a. The solution of the portolano projection used by Admiral Piri Reis, developed by your class in Anthropology, must be very nearly correct; for when known geographical locations are checked in relationship to the grid computed by Mr. Richard W. Strachan (MIT), there is remarkably close agreement. Piri Reis' use of the portolano projection (centered on Syene, Egypt) was an excellent choice, for it is a developable surface that would permit the relative size and shape of the earth (at that latitude) to be retained. It is our opinion that those who compiled the original map had an excellent knowledge of the continents covered by this map.

b. As stated by Colonel Harold Z. Ohlmeyer in his letter (July 6, 1960) to you, the Princess Martha Coast of Queen Maud Laud, Antarctica, appears to be truly represented on the southern sector of the Piri Reis map. The agreement of the Piri Reis Map with the seismic profile of this area made by the Norwegian-British-Swedish Expedition of 1949, supported by your solution of the grid, places beyond a reasonable doubt the conclusion that the original source maps must have been made before the present Antarctic ice cap covered the Queen Maud Land coasts.

c. It is our opinion that the accuracy of the cartographic features shown in the Oronteus Fineaus [sic] Map (1531) suggests, beyond a doubt, that it also was compiled from accurate source maps of Antarctica, but in this case of the entire continent. Close examination has proved the original source maps must have been compiled at a time when the land mass and inland waterways of the continent were relatively free of ice. This conclusion is further supported by a comparison of the Oronteus Fineaus [sic] Map with the results obtained by International Geophysical Year teams in their measurements of the subglacial topgraphy. The comparison also suggests that the original source maps (compiled in remote antiquity) were prepared when Antarctica was presumably free of ice. The Cordiform Projection used by Oronteus Fineaus [sic] suggests the use of advanced mathematics. Further, the shape given to the Antarctic continent suggests the possibility, if not the probability, that the original source maps were compiled on a stereographic or gnomic type of projection (involving the use of spherical trigonometry).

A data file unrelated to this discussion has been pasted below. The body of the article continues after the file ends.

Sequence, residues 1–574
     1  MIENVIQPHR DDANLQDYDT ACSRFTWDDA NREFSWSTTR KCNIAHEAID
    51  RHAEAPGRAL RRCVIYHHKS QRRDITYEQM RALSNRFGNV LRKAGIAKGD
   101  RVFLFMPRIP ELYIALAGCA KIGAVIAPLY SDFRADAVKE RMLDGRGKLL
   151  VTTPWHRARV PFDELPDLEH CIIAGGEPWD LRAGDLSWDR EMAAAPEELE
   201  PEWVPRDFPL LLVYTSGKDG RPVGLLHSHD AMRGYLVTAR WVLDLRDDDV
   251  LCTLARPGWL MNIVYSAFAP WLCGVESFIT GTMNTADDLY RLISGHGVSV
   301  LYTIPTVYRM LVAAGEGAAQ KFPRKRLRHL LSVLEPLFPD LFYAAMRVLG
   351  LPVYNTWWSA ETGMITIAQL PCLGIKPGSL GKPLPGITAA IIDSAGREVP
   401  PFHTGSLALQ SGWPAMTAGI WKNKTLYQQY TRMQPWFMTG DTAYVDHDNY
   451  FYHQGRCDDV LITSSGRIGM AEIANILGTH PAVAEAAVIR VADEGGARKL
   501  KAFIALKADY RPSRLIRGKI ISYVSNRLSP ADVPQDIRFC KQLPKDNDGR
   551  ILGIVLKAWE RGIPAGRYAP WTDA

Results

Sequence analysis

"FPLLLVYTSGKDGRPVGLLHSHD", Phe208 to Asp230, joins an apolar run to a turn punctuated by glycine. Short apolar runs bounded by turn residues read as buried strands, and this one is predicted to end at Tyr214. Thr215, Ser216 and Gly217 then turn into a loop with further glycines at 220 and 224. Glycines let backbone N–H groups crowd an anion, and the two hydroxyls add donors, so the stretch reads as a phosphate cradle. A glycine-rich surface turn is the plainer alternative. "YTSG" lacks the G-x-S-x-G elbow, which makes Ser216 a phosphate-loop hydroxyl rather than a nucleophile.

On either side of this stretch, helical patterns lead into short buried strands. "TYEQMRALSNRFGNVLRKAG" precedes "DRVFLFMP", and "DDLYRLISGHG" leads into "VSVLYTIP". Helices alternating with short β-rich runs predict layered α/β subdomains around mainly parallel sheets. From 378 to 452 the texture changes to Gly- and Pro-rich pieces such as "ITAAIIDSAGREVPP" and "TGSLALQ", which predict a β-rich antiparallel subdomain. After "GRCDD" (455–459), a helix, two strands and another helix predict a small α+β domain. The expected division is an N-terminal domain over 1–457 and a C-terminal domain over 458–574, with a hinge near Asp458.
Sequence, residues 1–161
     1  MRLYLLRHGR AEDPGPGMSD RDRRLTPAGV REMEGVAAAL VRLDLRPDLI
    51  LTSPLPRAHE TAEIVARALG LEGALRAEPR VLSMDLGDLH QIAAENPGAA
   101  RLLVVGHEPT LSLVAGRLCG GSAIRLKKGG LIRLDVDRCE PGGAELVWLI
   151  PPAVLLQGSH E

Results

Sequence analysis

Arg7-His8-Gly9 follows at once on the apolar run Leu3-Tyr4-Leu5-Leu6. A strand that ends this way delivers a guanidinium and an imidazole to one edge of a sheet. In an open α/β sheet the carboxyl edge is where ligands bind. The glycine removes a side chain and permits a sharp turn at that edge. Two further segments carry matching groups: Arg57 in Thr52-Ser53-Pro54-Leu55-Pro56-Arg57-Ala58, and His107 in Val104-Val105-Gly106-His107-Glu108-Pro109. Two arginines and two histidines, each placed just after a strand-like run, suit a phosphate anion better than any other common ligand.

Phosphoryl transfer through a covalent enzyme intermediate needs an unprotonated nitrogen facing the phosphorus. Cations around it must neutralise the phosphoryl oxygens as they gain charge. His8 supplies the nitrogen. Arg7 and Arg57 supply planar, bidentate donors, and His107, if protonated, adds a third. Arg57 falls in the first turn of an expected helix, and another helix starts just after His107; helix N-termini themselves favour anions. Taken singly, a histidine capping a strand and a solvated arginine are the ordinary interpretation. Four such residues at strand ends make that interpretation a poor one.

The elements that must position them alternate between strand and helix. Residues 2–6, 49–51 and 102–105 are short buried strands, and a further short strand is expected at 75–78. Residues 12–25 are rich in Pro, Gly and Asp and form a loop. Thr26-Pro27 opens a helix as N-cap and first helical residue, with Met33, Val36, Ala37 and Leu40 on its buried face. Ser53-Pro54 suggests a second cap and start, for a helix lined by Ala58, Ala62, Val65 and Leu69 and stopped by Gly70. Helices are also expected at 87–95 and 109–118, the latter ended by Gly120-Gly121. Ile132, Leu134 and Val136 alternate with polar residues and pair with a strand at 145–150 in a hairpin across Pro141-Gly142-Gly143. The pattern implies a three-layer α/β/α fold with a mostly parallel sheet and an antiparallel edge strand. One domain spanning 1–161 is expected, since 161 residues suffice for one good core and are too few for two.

d. We are convinced that the findings made by you and your associates are valid, and that they raise extremely important questions affecting geology and ancient history, questions which certainly require further investigation.

We thank you for extending us the opportunity to have participated in the study of these maps. The following officers and airmen volunteered their time to assist Captain Lorenzo W. Burroughs in this evaluation: Captain Richard E. Covault, CWO Howard D. Minor, MSgt Clifton M. Dover, MSgt David C. Carter, TSgt James H. Hood, SSgt James L. Carroll, and A1C Don R. Vance.

Captain, USAF
Chief, Cartographic Section
8th Reconnaissance Technical Sqdn (SAC)
Westover Air Force Base, Massachusetts

Professor Hapgood has other fascinating letters from MIT and Cambridge universities, as well as correspondence between the Turkish embassy and the US State Department. I [webmaster] highly recommend reading.

Further, it is believed that a Turkish Captain Arlington Mallery, a cartograpy expert, asked the U.S. Hydrographic Office of the Navy to examine it. This was the statement they gave:

"The Hydrographic Office of the Navy has verified an ancient chart- it's called the Piri Reis map, that goes back more than 5,000 years. It's so accurate, only one thing could explain it- a worldwide survey".

Not only did the Hydrographic Office prove the map genuine, but it's been used to correct some errors in present day maps.

[1] Maps of the Ancient Sea Kings [pg 243], Charles H. Hapgood (1966)
[2] "", pg 244-245